by Brian McGinty.
Part 2 – The Data Sources, in Our 5-part Series on Ways to Get Your Disaster Recovery Plan Back on Track.
In this part we will discuss your data, one of the cornerstones of your DR program. TransitionManager (TM) will become your source of data for DR but first you will need to load and manage your organization’s data. Today I will talk about how you get there.
Despite the goal of one discovery tool that ‘does it all,’ most organizations end up with one or more discovery tools (some implemented better than others) used to document current environment views. Sometimes separate IT groups will even acquire different tools that overlap in what they do. Regardless, you need to identify what sources of data you want to use to support your Disaster Recovery program.
Since TransitionManager is not a discovery tool, data is loaded into TM. Depending on the data sources you use some of the data you will want to load includes, but is not limited to:
Dependency data can cover a broad spectrum, from simple application runs on this machine dependency to external organization dependencies. Whatever the dependency, it can be defined in TransitionManager.
There are 3 components to getting TransitionManager loaded and to it becoming the DR data source:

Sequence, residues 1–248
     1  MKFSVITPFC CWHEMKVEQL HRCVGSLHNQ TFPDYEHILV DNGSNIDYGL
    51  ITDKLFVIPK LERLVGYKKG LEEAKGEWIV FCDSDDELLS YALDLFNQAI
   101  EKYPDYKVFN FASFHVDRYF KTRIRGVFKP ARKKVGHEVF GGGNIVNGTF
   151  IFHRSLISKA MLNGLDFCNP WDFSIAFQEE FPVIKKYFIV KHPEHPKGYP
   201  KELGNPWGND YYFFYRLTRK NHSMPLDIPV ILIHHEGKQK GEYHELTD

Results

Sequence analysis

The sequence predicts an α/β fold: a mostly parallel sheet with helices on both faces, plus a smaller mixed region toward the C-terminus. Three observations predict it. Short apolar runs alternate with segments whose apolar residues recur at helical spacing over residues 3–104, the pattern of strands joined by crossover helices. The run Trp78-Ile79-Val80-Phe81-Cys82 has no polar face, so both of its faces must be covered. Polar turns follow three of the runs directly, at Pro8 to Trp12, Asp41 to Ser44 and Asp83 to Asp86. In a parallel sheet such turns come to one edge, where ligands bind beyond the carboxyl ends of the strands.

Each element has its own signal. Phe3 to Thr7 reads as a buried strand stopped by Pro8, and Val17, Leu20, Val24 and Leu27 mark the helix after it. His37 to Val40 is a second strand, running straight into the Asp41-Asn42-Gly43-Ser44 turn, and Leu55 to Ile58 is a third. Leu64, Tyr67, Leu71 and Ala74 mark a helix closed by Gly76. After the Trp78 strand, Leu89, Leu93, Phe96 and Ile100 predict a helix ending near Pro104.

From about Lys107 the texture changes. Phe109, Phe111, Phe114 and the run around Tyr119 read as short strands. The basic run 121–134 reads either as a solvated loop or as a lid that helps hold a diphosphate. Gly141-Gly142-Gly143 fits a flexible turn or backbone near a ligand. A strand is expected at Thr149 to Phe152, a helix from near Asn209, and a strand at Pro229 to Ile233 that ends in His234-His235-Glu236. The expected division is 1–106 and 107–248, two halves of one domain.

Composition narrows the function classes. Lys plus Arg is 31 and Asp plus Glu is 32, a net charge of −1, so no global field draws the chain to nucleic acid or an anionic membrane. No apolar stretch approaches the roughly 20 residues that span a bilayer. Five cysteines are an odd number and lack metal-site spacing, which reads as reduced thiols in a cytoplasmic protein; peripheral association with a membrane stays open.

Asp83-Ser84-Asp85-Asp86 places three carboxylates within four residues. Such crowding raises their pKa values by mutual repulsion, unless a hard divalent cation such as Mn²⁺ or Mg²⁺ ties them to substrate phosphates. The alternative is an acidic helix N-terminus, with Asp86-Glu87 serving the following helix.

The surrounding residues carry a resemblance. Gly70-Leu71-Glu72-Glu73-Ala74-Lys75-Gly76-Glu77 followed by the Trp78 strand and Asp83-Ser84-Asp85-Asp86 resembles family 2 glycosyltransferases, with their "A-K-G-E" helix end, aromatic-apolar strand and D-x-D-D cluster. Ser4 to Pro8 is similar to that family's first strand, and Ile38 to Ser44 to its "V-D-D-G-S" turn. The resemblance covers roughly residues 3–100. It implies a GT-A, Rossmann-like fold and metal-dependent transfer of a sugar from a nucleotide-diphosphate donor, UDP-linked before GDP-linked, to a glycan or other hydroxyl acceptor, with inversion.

Determine the data elements you want captured, if necessary, create any needed customer fields in TransitionManager. Organize and execute data loads for your scope (these can be straight CSV loads, or you can utilize any number of TDS TransitionManager ETL scripts to load data. We support ETL for most of the major vendors).
Scheduled, ongoing, data validation of application data and dependencies should be done. The level and depth are determined by you. Typically, you want application representatives validating the data quarterly or validation efforts triggered to occur before scheduled DR events.
Once you have your initial data set in place it is important that you build a standard data maintenance process to ensure overall data integrity of the information in TransitionManager. Even on short engagements, one of our critical requirements is defining and putting in place the process that keeps the data fresh. It can usually be refined to the point of needing very little human intervention. This involves the use of regularly scheduled data feeds from your discovery tools and utilizing ETL to update TM.
With the above components in place, you now are able to move forward with the rest of your Disaster Recovery charter. You now have a data set that is not spread across multiple discovery tools, or in an excel sheet that gets sent around all over, but something that is available to anyone to login and review 24/7.
In part 3 of our series I will touch on viewing your data once it is loaded.
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